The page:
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Cellists’ sound quality is shaped by their primary postural behavior

Authors
  • Rozé, Jocelyn1
  • Aramaki, Mitsuko1
  • Kronland-Martinet, Richard1
  • Ystad, Sølvi1
  • 1 Aix Marseille Univ., CNRS, PRISM (Perception, Representations, Image, Sound, Music), 31 Chemin J. Aiguier, CS 70071, Marseille Cedex 09, 13402, France , Marseille Cedex 09 (France)
Type
Published Article
Journal
Scientific Reports
Publisher
Springer Nature
Publication Date
Aug 17, 2020
Volume
10
Issue
1
Identifiers
DOI: 10.1038/s41598-020-70705-8
Source
Springer Nature
License
Green

Abstract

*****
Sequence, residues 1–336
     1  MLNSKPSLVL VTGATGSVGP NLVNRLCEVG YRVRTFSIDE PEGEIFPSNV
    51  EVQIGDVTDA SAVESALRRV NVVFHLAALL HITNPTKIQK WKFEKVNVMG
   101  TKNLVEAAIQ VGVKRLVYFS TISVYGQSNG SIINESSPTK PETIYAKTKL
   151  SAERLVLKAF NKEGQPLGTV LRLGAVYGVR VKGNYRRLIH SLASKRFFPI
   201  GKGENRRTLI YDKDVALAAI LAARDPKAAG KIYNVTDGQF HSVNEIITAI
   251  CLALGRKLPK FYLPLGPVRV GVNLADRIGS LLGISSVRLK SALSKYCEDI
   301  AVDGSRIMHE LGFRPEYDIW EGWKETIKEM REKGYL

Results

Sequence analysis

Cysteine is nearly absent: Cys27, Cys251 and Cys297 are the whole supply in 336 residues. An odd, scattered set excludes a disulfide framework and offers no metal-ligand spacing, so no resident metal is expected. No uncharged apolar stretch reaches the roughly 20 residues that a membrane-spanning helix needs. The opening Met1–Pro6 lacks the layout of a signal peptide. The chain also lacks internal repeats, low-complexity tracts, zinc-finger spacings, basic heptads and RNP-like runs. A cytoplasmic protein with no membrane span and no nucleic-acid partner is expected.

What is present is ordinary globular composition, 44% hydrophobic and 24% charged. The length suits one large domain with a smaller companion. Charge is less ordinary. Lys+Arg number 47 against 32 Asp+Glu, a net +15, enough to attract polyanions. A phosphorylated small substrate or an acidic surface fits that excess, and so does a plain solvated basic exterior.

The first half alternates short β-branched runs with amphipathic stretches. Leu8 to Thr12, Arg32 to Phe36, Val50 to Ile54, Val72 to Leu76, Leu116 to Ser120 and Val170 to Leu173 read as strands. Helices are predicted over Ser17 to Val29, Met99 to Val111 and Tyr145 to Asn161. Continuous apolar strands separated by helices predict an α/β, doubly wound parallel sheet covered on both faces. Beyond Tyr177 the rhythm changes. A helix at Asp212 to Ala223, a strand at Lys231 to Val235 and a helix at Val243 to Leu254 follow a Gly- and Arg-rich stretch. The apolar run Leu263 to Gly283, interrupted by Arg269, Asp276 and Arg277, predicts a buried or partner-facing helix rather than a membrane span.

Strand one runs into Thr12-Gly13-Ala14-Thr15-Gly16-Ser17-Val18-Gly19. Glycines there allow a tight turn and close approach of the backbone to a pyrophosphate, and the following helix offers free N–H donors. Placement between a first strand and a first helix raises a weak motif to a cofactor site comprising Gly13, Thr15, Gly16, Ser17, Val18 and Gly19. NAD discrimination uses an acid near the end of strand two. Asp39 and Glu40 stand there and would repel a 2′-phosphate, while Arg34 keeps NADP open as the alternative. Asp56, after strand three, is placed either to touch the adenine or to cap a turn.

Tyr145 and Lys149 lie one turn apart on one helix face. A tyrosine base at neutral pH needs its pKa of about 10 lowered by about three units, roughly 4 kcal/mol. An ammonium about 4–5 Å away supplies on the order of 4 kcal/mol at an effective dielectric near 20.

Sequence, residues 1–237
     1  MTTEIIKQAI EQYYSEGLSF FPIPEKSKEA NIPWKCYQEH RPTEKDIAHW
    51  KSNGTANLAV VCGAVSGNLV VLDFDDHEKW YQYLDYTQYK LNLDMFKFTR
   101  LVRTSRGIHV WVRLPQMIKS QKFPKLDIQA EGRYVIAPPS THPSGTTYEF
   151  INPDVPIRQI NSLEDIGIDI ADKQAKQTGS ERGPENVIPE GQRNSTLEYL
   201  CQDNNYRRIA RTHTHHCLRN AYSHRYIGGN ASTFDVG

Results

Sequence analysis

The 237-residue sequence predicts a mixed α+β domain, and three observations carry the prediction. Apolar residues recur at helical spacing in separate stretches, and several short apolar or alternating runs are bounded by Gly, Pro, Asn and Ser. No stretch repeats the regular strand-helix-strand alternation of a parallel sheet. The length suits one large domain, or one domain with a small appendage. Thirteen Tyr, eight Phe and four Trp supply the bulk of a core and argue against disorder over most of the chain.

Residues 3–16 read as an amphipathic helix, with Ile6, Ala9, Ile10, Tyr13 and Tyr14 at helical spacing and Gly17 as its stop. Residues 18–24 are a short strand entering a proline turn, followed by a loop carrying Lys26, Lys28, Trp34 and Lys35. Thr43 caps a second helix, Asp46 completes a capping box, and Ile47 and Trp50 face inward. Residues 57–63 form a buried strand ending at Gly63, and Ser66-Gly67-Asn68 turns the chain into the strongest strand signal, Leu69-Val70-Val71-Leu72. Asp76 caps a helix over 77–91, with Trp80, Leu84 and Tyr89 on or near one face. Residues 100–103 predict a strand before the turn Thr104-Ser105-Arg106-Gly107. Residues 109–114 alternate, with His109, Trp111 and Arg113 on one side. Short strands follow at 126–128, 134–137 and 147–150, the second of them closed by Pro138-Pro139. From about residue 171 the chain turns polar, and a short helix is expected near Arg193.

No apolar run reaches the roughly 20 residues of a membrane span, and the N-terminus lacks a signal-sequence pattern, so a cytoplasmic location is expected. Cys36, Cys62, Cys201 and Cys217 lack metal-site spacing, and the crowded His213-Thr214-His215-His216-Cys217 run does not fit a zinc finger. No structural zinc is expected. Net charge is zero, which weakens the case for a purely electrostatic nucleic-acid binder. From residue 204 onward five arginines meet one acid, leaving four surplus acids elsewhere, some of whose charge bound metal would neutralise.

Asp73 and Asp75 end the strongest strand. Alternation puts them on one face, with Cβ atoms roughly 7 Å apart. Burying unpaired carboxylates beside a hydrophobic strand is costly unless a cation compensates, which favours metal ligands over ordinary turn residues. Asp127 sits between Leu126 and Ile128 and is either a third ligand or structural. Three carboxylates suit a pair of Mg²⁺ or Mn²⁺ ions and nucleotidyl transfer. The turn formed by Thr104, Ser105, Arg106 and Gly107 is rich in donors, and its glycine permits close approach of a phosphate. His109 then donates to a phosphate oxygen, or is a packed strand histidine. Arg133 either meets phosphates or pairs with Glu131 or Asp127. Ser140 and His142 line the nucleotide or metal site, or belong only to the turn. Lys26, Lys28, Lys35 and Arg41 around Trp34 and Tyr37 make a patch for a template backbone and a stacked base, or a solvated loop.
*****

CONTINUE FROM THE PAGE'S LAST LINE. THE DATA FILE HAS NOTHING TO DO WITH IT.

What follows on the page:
During the last 20 years, the role of musicians’ body movements has emerged as a central question in instrument practice: Why do musicians make so many postural movements, for instance, with their torsos and heads, while playing musical instruments? The musical significance of such ancillary gestures is still an enigma and therefore remains a major pedagogical challenge, since one does not know if these movements should be considered essential embodied skills that improve musical expressivity. Although previous studies established clear connections between musicians’ body movements and musical structures (particularly for clarinet, piano or violin performances), no evidence of direct relationships between body movements and the quality of the produced timbre has ever been found. In this study, focusing on the area of bowed-string instruments, we address the problem by showing that cellists use a set of primary postural directions to develop fluid kinematic bow features (velocity, acceleration) that prevent the production of poor quality (i.e., harsh, shrill, whistling) sounds. By comparing the body-related angles between normal and posturally constrained playing situations, our results reveal that the chest rotation and vertical inclination made by cellists act as coordinative support for the kinematics of the bowing gesture. These findings support the experimental works of Alexander, especially those that showed the role of head movements with respect to the upper torso (the so-called primary control) in ensuring the smooth transmission of fine motor control in musicians all the way to the produced sound. More generally, our research highlights the importance of focusing on this fundamental postural sense to improve the quality of human activities across different domains (music, dance, sports, rehabilitation, working positions, etc.).

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